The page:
DE2833356C2 (en) * 1978-07-29 1987-05-21 Max-Planck-Gesellschaft Zur Foerderung Der Wissenschaften E.V., 3400 Goettingen, De
DE2948904C2 (en) * 1979-12-05 1986-06-19 Max-Planck-Gesellschaft Zur Foerderung Der Wissenschaften E.V., 3400 Goettingen, De
AT380572B (en) * 1982-12-28 1986-06-10 List Hans optical sensor

Patent Citations (15)

* Cited by examiner, † Cited by third party
Publication number Priority date Publication date Assignee Title
US2551542A (en) * 1948-11-10 1951-05-01 Charles R Marsh Fluorophotometer
US2827825A (en) * 1955-03-22 1958-03-25 White Dev Corp Raman tube apparatus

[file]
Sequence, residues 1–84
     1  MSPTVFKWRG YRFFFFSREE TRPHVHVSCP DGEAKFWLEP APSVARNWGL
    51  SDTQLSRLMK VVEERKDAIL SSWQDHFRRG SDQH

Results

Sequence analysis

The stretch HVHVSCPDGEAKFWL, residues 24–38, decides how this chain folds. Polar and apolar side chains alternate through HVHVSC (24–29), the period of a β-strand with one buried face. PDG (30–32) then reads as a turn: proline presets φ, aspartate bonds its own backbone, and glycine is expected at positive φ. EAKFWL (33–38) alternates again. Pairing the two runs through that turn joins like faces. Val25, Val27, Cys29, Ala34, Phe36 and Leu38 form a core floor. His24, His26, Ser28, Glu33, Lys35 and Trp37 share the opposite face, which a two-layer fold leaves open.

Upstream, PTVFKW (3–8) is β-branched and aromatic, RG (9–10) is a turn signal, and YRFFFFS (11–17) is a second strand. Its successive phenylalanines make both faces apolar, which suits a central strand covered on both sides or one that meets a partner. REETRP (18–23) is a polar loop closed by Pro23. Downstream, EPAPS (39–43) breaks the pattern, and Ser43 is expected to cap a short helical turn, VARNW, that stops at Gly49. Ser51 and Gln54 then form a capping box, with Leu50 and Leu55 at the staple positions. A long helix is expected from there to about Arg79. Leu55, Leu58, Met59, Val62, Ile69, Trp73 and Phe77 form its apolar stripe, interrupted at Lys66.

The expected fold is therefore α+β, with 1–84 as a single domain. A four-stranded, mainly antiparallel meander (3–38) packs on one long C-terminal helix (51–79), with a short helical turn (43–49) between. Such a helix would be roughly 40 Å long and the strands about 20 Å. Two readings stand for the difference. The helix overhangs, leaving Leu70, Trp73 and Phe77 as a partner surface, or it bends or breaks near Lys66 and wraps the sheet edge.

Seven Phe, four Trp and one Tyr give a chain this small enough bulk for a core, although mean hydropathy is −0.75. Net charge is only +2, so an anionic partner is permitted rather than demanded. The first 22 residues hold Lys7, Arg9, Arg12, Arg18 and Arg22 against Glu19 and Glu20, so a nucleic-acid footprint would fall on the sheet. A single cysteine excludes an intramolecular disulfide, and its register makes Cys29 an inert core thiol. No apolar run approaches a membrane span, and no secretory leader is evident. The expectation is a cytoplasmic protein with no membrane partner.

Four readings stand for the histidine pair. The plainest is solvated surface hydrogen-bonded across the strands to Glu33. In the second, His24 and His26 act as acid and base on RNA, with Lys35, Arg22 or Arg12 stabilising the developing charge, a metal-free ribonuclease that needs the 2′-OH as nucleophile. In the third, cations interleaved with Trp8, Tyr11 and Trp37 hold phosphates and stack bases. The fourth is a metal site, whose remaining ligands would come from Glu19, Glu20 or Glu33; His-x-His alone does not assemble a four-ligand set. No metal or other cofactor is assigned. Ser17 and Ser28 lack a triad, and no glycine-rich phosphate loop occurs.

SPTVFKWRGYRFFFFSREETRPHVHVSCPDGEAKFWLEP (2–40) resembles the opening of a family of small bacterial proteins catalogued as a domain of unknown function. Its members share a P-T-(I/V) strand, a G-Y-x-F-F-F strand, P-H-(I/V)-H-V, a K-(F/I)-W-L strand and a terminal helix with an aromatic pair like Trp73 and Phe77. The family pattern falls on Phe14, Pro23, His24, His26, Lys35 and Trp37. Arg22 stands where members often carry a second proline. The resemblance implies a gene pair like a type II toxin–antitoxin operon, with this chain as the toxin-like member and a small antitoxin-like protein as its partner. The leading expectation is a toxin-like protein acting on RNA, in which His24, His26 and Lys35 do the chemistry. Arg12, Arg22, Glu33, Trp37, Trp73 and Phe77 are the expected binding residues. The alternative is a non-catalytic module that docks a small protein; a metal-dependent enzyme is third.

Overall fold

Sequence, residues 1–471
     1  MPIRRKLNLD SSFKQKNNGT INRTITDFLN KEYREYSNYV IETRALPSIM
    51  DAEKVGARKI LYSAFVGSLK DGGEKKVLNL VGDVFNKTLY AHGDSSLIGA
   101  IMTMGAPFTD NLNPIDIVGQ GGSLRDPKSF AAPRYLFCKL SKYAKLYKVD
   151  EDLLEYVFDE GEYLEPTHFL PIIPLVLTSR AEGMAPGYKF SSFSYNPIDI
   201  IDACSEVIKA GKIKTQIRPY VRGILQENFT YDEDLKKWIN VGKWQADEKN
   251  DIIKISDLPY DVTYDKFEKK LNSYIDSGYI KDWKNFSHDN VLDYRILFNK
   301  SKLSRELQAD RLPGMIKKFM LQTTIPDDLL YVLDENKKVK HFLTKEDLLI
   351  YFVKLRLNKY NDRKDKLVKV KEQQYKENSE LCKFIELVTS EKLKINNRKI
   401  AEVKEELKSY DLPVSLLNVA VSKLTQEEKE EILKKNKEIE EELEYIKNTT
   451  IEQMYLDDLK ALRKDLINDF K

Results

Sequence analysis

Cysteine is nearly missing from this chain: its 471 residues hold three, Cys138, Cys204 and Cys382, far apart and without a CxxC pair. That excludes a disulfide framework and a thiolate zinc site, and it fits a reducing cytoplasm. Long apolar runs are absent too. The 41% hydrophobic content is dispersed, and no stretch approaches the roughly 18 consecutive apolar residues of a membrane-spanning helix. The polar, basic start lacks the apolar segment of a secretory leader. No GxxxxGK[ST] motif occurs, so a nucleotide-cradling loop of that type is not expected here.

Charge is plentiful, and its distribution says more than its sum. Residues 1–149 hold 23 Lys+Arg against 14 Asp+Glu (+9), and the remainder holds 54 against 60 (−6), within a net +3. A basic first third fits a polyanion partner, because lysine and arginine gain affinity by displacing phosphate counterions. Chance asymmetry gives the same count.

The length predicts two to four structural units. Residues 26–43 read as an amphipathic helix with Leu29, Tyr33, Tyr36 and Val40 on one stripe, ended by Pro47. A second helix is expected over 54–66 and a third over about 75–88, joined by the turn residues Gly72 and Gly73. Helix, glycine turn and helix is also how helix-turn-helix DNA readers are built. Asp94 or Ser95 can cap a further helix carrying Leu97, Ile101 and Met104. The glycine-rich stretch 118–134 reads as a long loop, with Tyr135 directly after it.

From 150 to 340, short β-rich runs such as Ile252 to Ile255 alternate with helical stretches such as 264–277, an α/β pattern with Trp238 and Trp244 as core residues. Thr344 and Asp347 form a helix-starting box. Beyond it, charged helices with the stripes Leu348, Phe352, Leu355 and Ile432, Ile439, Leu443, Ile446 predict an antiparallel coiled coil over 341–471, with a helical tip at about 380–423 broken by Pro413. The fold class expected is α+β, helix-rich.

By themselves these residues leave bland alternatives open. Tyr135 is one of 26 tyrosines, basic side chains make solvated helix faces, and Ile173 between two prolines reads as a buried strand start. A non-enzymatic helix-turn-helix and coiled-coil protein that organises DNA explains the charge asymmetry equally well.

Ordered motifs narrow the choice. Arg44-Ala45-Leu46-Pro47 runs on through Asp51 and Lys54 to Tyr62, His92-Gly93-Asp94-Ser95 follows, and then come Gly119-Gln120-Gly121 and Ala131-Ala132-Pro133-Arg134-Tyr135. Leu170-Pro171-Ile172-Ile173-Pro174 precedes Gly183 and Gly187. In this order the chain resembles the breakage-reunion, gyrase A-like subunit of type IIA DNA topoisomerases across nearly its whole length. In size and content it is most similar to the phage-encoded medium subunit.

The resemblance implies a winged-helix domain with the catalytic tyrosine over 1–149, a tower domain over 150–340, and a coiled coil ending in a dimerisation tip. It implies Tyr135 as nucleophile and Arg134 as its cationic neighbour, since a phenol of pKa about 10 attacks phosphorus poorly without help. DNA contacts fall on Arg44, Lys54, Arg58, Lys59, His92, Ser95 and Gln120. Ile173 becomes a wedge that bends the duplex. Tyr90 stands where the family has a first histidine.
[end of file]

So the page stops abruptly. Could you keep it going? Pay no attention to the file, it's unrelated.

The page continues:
US3200254A (en) * 1962-03-19 1965-08-10 Gen Electric Photosensitive detector for airborne particles
US4066362A (en) * 1968-08-16 1978-01-03 E. I. Du Pont De Nemours And Company Apparatus and method for performing photometric analysis
US3612697A (en) * 1968-11-21 1971-10-12 Jenoptik Jena Gmbh Differential refractometer cell
US3612866A (en) * 1969-07-08 1971-10-12 Brian Stevens Instrument for determining oxygen quantities by measuring oxygen quenching of fluorescent radiation
US3679315A (en) * 1969-09-09 1972-07-25 Hoffmann La Roche Apparatus for measuring the light passing through a liquid sample in a closed flexible walled chamber
US3725658A (en) * 1971-01-18 1973-04-03 Trw Inc Apparatus and method for continuously detecting oxygen in a gas stream
US3795489A (en) * 1971-09-15 1974-03-05 Ford Motor Co Chemiluminescence reaction chamber
US3861809A (en) * 1973-04-06 1975-01-21 Perkin Elmer Corp Confocal cavity optical gas sensor